The science of touch (Dacher Keltner)
We are physically built for touch, with dexterous hands and skin that is full of information-processing neurons and manipulates our immune response.
Touch can be used to communicate emotion – in one study, even a one-second touch on the arm could communicate emotions like gratitude, fear, and disgust with 50-60% accuracy. We’re better at differentiating certain emotions when they’re expressed through touch rather than face or voice. Touching someone creates feelings of reward, reciprocity, safety, soothing, and cooperation. In certain situations, the touch from a romantic partner is powerful enough to eliminate our stress response.
Yet our culture is becoming touch-deprived, particularly in the United States. While friends at a cafe in France or Puerto Rico touch each other over 100 times per hour, we cool Americans touch each other twice. Many babies died in orphanages before caretakers started holding and touching them.
To combat this trend, touch therapy is being used in health care and education. It has (almost miraculously) been shown to increase weight gain in premature babies, reduce depression in Alzheimer’s patients, make students more likely to speak up, and decrease mortality in patients with complex diseases.
The voice: A primal way we connect
Finally, our voice is a key tool for connection. We’re able to make more vocal sounds than other primates – in fact, we can communicate many emotions like interest, disgust, and sadness without even saying a word (hmm!). Our ears are also specially built for hearing human speech.
Romantic relationships, family, and friendships
Relationships, marriage, and happiness (Dacher Keltner)
Pair-bonding is a human tendency across cultures, but relationships have come a long way in the past centuries. Economic considerations have given way to love and romance as the deciding factors in selecting a partner.
Scientists distinguish between desire and love, which can even be observed in primates. Much like humans, primates express desire through actions like pursing and licking their lips, and love through open arms and smiles. Love behaviors, but not desire behaviors, coincide with the release of oxytocin.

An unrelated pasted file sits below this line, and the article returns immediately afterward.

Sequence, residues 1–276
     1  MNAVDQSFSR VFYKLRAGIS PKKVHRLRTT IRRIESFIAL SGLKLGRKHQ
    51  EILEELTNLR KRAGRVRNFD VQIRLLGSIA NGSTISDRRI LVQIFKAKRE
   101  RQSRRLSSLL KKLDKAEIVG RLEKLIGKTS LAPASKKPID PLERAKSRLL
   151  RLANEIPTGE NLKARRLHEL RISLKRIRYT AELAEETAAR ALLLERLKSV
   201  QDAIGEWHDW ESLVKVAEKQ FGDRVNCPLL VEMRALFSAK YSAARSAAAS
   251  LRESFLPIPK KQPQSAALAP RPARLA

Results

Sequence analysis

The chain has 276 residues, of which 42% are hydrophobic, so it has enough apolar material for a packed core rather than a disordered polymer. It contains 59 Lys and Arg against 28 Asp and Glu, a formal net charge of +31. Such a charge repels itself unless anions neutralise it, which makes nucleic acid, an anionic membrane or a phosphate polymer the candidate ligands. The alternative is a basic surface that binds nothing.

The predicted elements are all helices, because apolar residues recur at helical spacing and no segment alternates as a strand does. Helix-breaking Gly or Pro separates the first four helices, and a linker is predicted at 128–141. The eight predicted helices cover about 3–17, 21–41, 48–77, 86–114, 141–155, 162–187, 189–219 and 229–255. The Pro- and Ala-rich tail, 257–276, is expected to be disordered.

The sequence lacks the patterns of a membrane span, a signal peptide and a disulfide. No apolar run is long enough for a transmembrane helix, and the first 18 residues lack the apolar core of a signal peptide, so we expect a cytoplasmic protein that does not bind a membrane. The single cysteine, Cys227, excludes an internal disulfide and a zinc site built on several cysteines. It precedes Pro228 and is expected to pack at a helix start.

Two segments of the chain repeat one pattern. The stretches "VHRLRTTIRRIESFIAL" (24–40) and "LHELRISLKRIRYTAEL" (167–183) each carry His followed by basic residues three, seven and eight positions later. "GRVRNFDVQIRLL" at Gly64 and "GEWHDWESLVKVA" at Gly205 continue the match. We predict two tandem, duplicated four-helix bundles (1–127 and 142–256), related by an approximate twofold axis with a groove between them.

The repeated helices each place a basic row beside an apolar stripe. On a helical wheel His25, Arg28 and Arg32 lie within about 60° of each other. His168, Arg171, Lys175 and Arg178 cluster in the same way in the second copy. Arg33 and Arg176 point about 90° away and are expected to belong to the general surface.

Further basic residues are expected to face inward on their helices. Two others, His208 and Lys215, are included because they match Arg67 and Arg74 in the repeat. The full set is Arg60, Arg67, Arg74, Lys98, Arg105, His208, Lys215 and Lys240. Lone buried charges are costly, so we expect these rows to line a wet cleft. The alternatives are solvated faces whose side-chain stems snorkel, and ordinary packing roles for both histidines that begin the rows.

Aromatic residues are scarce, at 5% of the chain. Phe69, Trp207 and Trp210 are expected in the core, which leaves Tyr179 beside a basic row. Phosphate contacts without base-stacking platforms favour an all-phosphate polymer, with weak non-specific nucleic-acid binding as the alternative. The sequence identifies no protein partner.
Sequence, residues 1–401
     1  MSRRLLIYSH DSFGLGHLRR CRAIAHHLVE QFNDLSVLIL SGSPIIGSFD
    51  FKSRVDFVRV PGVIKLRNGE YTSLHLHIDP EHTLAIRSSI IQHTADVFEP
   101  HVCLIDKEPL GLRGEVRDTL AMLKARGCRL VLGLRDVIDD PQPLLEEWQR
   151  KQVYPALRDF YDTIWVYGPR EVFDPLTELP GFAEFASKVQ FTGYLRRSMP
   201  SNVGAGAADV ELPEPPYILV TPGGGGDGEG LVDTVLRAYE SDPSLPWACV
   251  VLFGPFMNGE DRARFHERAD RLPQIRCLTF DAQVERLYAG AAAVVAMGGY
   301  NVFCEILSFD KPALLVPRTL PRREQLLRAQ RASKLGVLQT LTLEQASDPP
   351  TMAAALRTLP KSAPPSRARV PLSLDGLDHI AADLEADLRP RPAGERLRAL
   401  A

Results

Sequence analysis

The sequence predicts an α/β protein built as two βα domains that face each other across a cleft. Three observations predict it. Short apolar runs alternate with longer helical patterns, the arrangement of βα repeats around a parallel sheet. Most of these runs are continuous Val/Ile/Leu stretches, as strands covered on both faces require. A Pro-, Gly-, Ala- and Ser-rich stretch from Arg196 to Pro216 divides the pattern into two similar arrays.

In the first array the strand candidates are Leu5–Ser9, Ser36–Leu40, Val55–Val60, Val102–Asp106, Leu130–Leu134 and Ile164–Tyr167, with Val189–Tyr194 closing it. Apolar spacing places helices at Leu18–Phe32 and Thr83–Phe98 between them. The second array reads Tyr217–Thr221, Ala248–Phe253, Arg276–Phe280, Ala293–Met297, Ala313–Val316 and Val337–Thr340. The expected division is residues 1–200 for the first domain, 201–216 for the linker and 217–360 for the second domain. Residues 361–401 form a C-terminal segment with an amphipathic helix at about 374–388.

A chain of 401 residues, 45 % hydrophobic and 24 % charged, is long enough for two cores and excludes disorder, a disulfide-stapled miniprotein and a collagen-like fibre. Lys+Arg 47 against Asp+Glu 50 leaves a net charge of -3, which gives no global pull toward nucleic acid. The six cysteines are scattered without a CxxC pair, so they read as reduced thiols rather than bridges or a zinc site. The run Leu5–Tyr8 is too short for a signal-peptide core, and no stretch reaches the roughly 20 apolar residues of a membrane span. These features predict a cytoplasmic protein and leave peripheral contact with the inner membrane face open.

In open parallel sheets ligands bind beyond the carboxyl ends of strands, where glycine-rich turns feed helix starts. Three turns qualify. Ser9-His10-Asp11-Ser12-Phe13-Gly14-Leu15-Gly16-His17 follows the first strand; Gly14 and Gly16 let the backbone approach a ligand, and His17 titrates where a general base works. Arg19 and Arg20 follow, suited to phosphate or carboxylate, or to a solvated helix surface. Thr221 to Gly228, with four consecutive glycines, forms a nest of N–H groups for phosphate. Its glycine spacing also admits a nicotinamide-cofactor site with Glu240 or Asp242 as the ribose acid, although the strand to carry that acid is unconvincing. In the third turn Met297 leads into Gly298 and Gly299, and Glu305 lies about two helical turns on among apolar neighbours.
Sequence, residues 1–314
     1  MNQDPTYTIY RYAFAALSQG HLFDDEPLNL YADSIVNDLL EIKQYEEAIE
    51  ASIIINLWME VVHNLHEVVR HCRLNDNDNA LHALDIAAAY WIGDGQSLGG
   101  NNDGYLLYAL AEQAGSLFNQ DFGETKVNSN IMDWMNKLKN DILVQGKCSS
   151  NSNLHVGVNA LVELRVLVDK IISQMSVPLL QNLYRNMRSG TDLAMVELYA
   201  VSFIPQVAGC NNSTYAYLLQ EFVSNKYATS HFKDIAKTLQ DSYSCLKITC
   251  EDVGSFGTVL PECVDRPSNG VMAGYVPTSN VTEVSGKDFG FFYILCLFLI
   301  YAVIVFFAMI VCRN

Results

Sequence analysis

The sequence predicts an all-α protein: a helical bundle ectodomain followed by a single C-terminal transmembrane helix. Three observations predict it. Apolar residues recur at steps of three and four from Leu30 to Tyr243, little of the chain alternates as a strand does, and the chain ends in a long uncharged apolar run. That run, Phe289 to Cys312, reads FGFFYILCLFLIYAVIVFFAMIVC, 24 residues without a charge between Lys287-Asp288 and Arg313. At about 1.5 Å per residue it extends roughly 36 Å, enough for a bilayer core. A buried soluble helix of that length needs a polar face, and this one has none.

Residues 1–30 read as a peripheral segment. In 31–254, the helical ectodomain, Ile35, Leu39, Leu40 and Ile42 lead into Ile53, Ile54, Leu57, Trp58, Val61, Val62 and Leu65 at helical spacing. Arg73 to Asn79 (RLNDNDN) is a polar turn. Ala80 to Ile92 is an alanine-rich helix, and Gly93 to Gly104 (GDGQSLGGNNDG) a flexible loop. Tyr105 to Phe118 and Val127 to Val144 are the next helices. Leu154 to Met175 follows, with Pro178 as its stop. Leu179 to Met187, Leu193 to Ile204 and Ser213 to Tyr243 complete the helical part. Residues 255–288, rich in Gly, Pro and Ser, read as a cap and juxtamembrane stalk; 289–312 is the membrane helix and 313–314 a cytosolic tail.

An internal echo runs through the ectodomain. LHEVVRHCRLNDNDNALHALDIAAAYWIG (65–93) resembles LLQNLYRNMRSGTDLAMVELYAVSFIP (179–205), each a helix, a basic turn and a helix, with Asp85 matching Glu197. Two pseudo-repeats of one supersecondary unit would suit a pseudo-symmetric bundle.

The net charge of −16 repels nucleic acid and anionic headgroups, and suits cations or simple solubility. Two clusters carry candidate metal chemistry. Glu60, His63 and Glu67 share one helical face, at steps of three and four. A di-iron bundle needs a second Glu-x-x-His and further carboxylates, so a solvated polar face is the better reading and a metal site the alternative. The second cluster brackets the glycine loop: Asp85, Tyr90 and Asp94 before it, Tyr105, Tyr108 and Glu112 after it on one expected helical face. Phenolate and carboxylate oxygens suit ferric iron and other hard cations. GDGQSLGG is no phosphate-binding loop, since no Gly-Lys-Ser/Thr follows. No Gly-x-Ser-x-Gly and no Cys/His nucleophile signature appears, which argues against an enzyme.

Marriage correlates with happiness, but researchers are still trying to untangle whether marriage makes us happier or happier people get married. Some evidence suggests that it’s actually happy marriages, not just marriage, that make us happy – and, in fact, unhappy marriages take a huge toll on kids’ happiness.
Certain demographics of people are more likely to have happy marriages, such as people who are older, from a higher social class, and not anxious or neurotic. Influential research by John Gottman and Robert Levenson shows that happy marriage is predicted by the way couples interact: couples who exhibit contempt, criticism, stonewalling, and defensiveness have a 92% chance of divorce, while happy couples exhibit humor, appreciation, forgiveness, and emotional disclosure.
Parenting and happiness (Emiliana Simon-Thomas)
Research on the connection between parenting and happiness is still ongoing. On one side of the arena, we hear that spending time with our kids is only slightly more fun than housework. On the other side, we’re starting to hear that parents are slightly happier than non-parents, particularly right after having their first child.
But the truth is probably more nuanced. Whether we’ll be a happy parent or not may depend on whether we purposely chose to have kids, and what kind of attachment style we have. And the happiness of parenting may be more the “meaning” type of happiness and less the “positive emotion” kind.